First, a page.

CHERYL WIXSON PHOTO

Forcasting food trends



“In the year 2525, if man is still alive, If woman can survive…” go the lyrics of Zager and Evans’s 1969 song. The tune keeps resonating as I reflect on our family’s cooking and eating habits during nearly two years of the coronavirus pandemic. What will be on people’s plates in the year 2022 and beyond?

In the new year, will our life become sedentary and automated? Will our thoughts become pre-programed into pills for people to consume? What will we be eating? How can we survive?

The COVID-19 pandemic has spurred some changes in the fundamental ways we live and eat. As the pandemic highlighted many of the weaknesses of the global, industrial food system, consumers shifted more of their food source choices to local options.

Because food and nutrition play a crucial role in the health of our people and their communities, hunger and food insecurity moved to the forefront. The health and safety of agricultural and food service workers, once taken for granted, became vital to our food source. We became aware and we took action.

People began practicing more acts of culinary self-reliance: bread baking, pickling, gardening, root cellaring, raising rabbits, chickens and pigs. Hunting, foraging and fishing progressed beyond a backyard hobby to putting food on the dinner table. Home cooking and comfort food became the new norm.

Will these trends continue?

The good news is that our food choices are increasingly becoming more about the intersecting needs of personal and planetary health, environmental sustainability, immunity and mental well-being.

As we continue to understand the importance of health and sustainability, emerging trends will include carbon-neutral, local foods, dairy free milk, sea farms and sea plants and plant-based charcuterie. Look for foods that support our immune system like mushrooms, grains that give back and buzz-less spirits. Food pundits predict the return of the blonde or white pizza, social media as the modern cookbook and egg-based breads such as brioche or challah. Either of those breads can be used in the recipe for stuffed French toast accompanying this column.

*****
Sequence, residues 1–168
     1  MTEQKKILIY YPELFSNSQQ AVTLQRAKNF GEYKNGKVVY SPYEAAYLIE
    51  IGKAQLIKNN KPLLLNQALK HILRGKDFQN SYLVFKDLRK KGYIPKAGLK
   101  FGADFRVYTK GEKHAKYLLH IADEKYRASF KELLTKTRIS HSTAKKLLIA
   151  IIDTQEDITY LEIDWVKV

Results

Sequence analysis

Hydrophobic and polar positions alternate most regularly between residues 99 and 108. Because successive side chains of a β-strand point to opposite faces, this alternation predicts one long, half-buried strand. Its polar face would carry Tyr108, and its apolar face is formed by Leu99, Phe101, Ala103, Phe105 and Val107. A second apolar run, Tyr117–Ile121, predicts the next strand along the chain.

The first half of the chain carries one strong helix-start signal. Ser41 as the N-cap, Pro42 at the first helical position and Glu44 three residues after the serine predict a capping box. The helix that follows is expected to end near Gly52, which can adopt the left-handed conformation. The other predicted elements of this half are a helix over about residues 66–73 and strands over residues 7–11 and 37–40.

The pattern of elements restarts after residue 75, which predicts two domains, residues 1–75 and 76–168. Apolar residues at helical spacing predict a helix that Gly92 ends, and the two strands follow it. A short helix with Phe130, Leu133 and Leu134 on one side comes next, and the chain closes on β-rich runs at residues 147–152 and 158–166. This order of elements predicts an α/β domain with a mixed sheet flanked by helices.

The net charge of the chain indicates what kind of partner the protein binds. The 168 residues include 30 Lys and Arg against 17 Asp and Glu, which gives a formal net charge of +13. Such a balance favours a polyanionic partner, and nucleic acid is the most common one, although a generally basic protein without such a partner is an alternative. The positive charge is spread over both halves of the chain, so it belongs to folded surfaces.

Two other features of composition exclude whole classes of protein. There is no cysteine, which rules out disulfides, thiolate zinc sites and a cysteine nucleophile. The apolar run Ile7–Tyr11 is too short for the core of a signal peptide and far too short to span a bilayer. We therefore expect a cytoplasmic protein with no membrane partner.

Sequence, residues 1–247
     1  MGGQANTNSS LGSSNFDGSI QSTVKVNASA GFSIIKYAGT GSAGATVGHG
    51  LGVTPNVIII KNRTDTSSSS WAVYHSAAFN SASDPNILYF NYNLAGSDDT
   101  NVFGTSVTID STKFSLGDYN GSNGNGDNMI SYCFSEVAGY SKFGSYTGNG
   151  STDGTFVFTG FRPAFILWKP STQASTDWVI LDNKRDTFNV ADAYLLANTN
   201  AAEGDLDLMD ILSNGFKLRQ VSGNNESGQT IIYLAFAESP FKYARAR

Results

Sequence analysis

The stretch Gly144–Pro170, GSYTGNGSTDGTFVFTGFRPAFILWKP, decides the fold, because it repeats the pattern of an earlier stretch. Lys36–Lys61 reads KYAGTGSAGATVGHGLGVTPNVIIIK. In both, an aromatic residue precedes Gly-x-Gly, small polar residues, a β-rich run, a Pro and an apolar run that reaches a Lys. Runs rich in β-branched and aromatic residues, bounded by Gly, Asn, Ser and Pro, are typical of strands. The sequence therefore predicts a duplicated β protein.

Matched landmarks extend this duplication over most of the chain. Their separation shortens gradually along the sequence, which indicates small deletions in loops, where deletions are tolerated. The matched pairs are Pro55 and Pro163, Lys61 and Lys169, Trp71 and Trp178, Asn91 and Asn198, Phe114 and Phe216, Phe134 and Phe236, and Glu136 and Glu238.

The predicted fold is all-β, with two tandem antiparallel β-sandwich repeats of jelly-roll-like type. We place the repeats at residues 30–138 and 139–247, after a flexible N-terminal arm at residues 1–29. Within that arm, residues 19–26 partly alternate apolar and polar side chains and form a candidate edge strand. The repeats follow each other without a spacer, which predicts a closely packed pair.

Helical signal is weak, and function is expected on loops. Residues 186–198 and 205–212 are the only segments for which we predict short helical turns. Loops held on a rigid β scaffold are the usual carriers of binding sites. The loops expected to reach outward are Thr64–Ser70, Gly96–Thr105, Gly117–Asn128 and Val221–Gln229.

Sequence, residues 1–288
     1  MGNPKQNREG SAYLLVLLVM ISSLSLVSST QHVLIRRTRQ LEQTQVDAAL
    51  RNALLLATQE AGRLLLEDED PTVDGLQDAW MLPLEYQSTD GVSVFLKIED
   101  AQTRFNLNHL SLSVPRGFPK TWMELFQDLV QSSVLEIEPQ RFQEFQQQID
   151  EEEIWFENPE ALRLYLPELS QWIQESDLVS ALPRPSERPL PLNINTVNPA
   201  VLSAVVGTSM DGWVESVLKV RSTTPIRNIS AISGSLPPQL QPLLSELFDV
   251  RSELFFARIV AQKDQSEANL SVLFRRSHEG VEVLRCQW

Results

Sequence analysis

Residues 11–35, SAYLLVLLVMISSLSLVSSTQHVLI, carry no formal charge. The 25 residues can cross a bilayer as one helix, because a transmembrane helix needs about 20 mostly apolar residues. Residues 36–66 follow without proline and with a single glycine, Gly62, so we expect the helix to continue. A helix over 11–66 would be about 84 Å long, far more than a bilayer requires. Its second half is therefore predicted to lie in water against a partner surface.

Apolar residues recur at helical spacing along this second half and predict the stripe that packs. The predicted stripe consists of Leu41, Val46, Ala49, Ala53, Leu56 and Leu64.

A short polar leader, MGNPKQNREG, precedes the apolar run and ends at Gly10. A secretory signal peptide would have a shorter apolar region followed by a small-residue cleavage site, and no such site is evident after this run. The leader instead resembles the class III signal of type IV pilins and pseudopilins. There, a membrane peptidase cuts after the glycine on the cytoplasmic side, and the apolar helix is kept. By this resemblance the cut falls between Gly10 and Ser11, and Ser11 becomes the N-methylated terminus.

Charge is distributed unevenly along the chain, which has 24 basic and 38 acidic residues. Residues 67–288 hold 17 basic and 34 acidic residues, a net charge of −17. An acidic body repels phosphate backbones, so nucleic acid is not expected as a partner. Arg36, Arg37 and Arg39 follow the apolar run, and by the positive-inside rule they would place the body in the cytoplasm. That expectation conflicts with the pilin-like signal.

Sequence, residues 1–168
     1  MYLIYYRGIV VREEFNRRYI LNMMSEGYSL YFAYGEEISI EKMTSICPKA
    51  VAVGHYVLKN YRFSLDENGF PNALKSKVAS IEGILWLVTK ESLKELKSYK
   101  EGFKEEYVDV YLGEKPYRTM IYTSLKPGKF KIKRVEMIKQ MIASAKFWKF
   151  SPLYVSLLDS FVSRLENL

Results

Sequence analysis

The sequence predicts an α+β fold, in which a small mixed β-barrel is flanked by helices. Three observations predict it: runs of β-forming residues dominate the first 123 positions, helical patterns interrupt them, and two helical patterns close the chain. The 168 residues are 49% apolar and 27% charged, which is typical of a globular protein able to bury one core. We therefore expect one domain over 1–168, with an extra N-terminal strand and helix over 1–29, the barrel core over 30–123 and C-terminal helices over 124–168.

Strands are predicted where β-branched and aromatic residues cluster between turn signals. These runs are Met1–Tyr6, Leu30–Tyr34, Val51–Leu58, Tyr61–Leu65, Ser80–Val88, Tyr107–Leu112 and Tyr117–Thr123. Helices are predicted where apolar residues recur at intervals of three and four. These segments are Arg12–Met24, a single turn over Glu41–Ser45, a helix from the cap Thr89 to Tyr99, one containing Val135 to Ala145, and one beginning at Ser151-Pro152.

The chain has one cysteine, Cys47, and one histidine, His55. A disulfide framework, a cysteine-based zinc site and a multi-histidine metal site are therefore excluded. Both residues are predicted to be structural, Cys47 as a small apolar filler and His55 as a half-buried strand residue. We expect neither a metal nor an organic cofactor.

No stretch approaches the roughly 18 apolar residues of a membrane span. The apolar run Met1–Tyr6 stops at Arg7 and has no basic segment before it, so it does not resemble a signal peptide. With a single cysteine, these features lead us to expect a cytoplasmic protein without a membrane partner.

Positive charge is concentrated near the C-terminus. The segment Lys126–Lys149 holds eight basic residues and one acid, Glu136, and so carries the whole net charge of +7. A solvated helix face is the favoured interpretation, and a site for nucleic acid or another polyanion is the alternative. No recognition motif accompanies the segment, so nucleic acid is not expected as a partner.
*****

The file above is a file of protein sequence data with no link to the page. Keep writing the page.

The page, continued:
This spirit of independence, demonstrated by folks breaking away from the industrial food chain, gives me great hope. Helping your neighbors start an organic garden, collaborating with friends to staff a community soup kitchen, teaching children about growing and cooking their food are all small acts of global kindness that humanity desperately needs.

I know in my heart that to have control over your food supply provides one with a deep sense of security. May 2022 bring you and yours good health and delicious food!

 

 

Cheryl Wixson lives and cooks in Stonington. She welcomes food-related questions and comments at [email protected]

 

 

Stuffed French Toast

Makes two servings

 

4 slices brioche or challah *

3 eggs

¼ cup milk

4 Tbsps. fresh goat cheese, local soft cheese or cream cheese

4 Tbsps. favorite jam of your choice

Maple syrup for serving

Powdered sugar for serving

 

Assemble ingredients and tools.

In a medium bowl, beat together the eggs and milk. Lay the bread in a shallow pan, and cover with the egg mixture. Use a fork to poke holes in the bread so that the bread completely soaks up the egg and milk.

Measure out the soft cheese and jam and set aside.

Preheat the oven to 250 degrees F and heat a platter to serve the French toast.

Heat a large griddle over medium-high heat and lightly brush is with butter. Grill the bread on one side, and then turn over. Spread the cheese on two slices of bread and the jam on the other two slices. Brown the bottom, and then carefully combine the two sides.

Slice the stuffed treat into quarters and arrange on the heated serving plate. Sprinkle some powdered sugar over the top and serve with maple syrup.

 

Nutritional analysis per serving: 434 calories, 22 grams protein, 67 grams carbohydrates, 12 grams fat (0 grams trans fat), 510 mg. sodium, 6.4 grams fiber.

 

* Brioche and Challah are both rich, eggy breads. Challah, made in the Jewish tradition, does not contain any dairy products. Brioche, of French origin, uses lots of butter!

Cheryl Wixson
"Maine Dish" columnist Cheryl Wixson lives and cooks in Stonington. Her passion for organic Maine products led to the creation of her business, Cheryl Wixson's Kitchen. She welcomes food-related questions and comments at [email protected] or www.cherylwixsonskitchen.com.
Cheryl Wixson

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